Yale Repertory Theatre
Directed by Carl Cofield
Composer / Sound designer - Frederick Kennedy
Set design - Riw Rakkulchon
Lighting design - Samuel Kwan Chi Chan
Costume design - Mika H. Eubanks
Projection design - Brittany Bland
Carl Cofield, Assoc. Artistic Director of New York City's Classical Theater of Harlem, and the director of Yale Rep's 2019 production of this Shakespeare's 12th Night, described his vision for the piece as a celebration of Black culture and an Afro-Futurist reimagining of the text, with music playing an enormous role in telling that story.
The mandate given to the design team was to create a world that is both "familiar and strange; strange and familiar." Early research led to a host of contemporary music that has been coming out of Nigeria for the past several years—music that to a North American audience might seem recognizable in much of its timbral palette (familiar), and yet could be decidedly unfamiliar in its mashup of African languages, accents, and sounds.
I set about searching for a vocabulary that draws from these sounds, textures, and grooves; a palette that utilizes electronic, synthetic and futuristic sounds, but also the organic sound of the world. That nods to the Afro-Futurism in the work of iconic artists such as Prince and his New Power Generation project, and also incorporates traditional African drums, bells, and shakers as building blocks for grooves. And all supported and encompassed by the most primal sound of all, the human voice, though processed by numerous electronic tools.
The two pieces here are recordings from the production: lyrics from the original Shakespeare folio, music by myself.
“Here, music is a central game changer. Gone is the standard-issue, minstrel-with-a-guitar version of “O Mistress Mine,” replaced with a rendition by Feste (a cool, far-out Erron Crawford) of the Bard’s verse involving techno beats and Auto-Tune.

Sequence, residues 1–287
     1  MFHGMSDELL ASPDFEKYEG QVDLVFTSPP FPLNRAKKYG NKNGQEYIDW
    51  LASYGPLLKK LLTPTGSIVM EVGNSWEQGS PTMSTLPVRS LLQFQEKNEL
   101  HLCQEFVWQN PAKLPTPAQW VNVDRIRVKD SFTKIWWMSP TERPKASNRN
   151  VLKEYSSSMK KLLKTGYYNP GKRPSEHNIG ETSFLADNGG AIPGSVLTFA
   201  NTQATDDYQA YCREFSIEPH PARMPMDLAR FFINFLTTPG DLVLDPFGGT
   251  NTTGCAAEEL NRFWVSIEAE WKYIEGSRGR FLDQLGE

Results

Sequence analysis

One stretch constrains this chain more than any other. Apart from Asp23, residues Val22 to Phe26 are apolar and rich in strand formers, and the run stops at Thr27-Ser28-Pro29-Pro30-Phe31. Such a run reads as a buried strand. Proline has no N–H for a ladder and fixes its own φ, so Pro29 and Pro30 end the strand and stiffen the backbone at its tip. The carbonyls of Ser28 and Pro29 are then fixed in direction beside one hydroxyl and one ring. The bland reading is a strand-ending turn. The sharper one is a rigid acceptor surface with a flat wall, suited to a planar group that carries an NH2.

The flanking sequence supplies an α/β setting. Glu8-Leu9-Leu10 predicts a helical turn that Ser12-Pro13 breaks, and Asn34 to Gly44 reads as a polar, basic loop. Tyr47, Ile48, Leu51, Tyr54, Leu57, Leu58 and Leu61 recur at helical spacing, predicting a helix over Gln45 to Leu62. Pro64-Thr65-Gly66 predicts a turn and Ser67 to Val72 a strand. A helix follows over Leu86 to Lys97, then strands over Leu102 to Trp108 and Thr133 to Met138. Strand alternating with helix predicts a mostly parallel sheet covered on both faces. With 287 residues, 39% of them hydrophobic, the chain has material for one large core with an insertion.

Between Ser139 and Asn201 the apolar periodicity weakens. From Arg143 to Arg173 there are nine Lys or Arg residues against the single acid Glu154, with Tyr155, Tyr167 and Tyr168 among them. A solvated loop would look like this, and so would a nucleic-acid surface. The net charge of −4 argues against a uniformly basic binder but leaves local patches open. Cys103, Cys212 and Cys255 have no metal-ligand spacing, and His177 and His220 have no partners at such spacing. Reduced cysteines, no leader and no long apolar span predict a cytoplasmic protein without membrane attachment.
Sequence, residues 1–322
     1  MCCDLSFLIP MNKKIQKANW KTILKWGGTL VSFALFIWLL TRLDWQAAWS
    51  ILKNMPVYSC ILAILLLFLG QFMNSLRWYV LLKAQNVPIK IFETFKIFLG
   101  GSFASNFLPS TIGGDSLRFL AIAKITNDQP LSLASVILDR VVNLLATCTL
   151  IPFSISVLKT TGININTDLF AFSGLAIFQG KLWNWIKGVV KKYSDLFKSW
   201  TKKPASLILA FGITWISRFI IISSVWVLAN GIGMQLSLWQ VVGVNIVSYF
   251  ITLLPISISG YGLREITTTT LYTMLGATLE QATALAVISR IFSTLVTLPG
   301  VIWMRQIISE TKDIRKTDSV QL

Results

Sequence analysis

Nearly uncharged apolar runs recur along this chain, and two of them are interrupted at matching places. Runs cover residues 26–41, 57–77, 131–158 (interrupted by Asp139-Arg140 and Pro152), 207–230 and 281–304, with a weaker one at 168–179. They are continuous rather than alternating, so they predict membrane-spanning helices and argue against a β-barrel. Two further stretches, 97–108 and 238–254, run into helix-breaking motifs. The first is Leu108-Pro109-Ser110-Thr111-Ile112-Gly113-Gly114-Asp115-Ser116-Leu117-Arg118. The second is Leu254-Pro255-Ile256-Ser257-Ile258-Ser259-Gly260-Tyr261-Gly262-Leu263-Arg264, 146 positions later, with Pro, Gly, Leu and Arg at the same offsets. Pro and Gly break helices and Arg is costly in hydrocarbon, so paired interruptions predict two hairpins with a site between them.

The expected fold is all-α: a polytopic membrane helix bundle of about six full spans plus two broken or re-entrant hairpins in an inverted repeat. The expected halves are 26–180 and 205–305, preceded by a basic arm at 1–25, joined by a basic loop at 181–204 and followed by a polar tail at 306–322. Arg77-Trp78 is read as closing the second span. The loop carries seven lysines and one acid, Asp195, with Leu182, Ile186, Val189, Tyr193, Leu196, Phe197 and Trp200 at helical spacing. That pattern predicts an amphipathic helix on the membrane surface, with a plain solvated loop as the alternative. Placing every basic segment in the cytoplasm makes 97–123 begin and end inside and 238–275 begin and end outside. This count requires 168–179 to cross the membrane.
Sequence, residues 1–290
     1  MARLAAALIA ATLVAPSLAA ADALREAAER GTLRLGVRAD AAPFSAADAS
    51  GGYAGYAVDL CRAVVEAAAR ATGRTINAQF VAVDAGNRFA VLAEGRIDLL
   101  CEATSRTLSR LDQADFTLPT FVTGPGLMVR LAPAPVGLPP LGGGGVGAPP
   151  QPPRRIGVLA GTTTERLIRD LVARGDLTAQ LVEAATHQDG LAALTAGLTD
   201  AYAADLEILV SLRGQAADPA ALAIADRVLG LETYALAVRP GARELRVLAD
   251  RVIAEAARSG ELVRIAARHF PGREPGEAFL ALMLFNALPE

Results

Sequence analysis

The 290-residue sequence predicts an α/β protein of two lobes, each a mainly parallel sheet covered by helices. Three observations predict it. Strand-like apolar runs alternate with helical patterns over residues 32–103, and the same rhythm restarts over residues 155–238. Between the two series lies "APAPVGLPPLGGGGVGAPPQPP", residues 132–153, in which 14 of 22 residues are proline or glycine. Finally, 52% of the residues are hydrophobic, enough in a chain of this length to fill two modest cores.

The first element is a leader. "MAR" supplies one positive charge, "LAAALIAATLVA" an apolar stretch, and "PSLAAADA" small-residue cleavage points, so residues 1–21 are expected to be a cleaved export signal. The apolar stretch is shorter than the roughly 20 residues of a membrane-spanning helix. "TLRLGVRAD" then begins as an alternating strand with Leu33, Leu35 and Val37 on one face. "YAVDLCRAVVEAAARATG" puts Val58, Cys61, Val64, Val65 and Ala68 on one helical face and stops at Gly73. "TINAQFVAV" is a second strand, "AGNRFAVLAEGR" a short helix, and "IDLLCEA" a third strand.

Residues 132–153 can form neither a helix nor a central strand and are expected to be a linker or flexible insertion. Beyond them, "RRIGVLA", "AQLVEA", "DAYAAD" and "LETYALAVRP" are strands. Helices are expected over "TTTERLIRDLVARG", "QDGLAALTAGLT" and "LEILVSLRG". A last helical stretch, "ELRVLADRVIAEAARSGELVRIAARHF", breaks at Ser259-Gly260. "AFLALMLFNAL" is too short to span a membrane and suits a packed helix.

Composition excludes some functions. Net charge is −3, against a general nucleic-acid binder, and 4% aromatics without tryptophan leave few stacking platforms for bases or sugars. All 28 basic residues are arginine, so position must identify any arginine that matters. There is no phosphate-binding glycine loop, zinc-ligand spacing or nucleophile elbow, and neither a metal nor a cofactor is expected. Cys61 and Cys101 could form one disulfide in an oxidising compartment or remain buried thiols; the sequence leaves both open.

“Twelfth Night” is one of the most musical of Shakespeare’s plays. Some of his most famous lyrics, including “O mistress mine” and “Hey ho, the wind and the rain," have been given stunning R&B/soul settings by composer/sound designer Frederick Kennedy. The songs are fluid, catchy and contemporary."
“Orsino’s famous speech concerning the nutritional value of music for a love-starved appetite morphs into a full-tilt boogie exaltation of his fantasy of Ideal Love, thanks to a game cast surrendering itself entirely to the spirit of the text and Frederick Kennedy’s exhilarating music."
“Cofield, with composer Frederick Kennedy, finds incredible music in the script—Feste lifts the play with a soaring and autotuned version of “O mistress mine” that channels Janelle Monae and Drexciya instead of a courtly afternoon.”
“Invaluable work from both Frederick Kennedy (composer and sound design) and Brittany Bland (projection design) make the show a visual and aural feast.”